While extensive salary data is still lacking due to the relative newness of the field, the Center on Education and the Workforce at Georgetown University provides some lateral information about salary prospects as they relate to the level of education attained. For individuals focused in business management and administration, the median salary for bachelor’s degree graduates stands at about $62,000 annually. Those with master’s degrees, meanwhile, earn average median salaries of $81,000 each year. If operating within the top 25% of the workforce, these business professionals can expect to bring home approximately $119,000 each year.
Factors such as available coursework, culminating projects, university ranking, and cost all play a significant role in a student’s decision-making process, but degree seekers also need to consider each school's accreditation status. While many students come across this concept in their research, they may not fully understand the specifics. Simply put, accreditation helps assure students that they receive a quality education. Accredited schools go through a multistep process whereby independent evaluation experts look at the school as a whole to ensure the curricula meet student needs and that adequate services exist to support them both during and after school.
While no programmatic accreditation bodies currently exist for master’s in coaching online programs, learners should search for regionally accredited schools to feel more confident in their choice. Both the U.S. Department of Education and the Council for Higher Education Accreditation maintain databases of accredited institutions. Learners who skip this step and attend an unaccredited or improperly accredited institution may struggle to transfer credits, receive certification or licensure, compete for jobs, or move into an advanced degree.
The financial cost of a degree can become quite substantial, but students can find numerous funding sources to help offset these costs. Learners who want to take the greatest advantage of these services should begin their search early to avoid missed deadlines or insufficient documentation to back up their accomplishments. Below, you'll find more details on common funding sources.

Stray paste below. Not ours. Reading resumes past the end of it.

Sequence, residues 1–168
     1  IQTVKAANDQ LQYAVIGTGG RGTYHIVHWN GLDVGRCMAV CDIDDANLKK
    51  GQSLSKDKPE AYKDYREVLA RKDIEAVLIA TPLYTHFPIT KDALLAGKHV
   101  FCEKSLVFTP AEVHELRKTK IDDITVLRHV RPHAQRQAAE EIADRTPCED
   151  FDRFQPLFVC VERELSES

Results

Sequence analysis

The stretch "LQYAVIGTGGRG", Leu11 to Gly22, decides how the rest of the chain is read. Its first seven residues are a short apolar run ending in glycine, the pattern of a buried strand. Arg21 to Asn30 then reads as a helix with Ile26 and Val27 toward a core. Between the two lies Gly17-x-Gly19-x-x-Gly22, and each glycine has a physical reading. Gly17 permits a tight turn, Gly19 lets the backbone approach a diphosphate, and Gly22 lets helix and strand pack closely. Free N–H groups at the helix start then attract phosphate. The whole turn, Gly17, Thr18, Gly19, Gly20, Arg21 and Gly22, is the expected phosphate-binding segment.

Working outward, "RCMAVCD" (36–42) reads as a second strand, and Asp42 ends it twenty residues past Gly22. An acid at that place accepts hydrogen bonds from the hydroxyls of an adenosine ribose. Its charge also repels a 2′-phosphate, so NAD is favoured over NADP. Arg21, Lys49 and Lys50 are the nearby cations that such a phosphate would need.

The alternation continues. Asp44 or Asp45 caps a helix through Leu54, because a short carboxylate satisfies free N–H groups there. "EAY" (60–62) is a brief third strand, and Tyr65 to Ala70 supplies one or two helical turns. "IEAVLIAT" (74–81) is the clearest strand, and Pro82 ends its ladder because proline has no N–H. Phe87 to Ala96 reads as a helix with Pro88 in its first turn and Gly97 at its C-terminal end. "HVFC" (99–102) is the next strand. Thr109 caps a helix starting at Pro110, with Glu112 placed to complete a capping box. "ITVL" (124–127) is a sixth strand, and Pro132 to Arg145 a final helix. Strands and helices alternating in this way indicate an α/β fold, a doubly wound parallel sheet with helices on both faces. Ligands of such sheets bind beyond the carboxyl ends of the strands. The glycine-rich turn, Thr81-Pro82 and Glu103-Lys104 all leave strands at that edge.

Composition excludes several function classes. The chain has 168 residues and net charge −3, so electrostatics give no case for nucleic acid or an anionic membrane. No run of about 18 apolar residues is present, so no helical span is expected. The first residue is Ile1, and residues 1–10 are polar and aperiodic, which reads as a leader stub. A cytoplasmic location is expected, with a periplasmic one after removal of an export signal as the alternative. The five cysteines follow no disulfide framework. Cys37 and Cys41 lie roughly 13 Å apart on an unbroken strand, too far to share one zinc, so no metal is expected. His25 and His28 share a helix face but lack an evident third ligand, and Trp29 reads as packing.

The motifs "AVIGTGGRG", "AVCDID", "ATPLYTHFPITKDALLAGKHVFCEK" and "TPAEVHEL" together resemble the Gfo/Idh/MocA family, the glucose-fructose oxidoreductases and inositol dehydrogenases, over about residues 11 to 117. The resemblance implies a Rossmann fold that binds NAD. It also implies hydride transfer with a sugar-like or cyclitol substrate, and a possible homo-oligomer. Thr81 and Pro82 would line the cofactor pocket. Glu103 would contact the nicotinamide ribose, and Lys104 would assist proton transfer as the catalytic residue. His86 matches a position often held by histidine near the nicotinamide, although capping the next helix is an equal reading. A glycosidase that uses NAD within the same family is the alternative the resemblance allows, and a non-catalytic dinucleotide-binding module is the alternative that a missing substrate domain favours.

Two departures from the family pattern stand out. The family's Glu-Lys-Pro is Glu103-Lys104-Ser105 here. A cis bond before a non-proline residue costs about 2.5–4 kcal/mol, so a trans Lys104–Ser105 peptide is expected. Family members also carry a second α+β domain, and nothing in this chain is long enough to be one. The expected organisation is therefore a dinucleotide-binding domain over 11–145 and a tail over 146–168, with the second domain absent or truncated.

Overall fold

Applicants should always fill out the Free Application for Federal Student Aid, commonly known as the FAFSA, as it not only can qualify them for federal student aid, but many institutions also use the information provided on this application to ascertain whether students qualify for institutional funding. Specific funding exists at the master’s level, some of which students do not need to repay after graduation. Federal loans also generally offer much lower and steadier interest rates than private loans.
Numerous executive coaching companies and professional organizations offer scholarship funds that students do not need to repay. Requirements vary by organization, as some may only cover a certification program while others sponsor master’s programs. The Marshall Goldsmith Coaching Scholarship Program, for example, offers funding for specific coaching certification programs.
In addition to professional organizations, some colleges provide departmental scholarships to help cover educational costs. These funds tend to be competitive, as students of various educational backgrounds can apply for them. Students at the University of Dallas can apply to the Satish & Yasmin Gupta College of Business Graduate Scholarship, for example. Applicants should speak with their prospective schools to ascertain whether this type of funding exists.
At the graduate level, numerous schools provide funding in exchange for work in the form of assistantships, research positions, or fellowships. These tend to be highly competitive as schools only offer a few of them each year. At Georgia Tech, for example, master’s students can apply to become leadership fellows, offering them not only $3,000 towards their degree but also the chance to hone their coaching skills with fellow students.
Students working at a company that values coaching skills may receive employer tuition assistance. Under this scheme, employers can provide up to $5,250 each year in tax-free educational benefits. In exchange, some organizations may require students to continue working at the company for a certain amount of time after graduating. Students should check with their employers about whether this program exists at their company.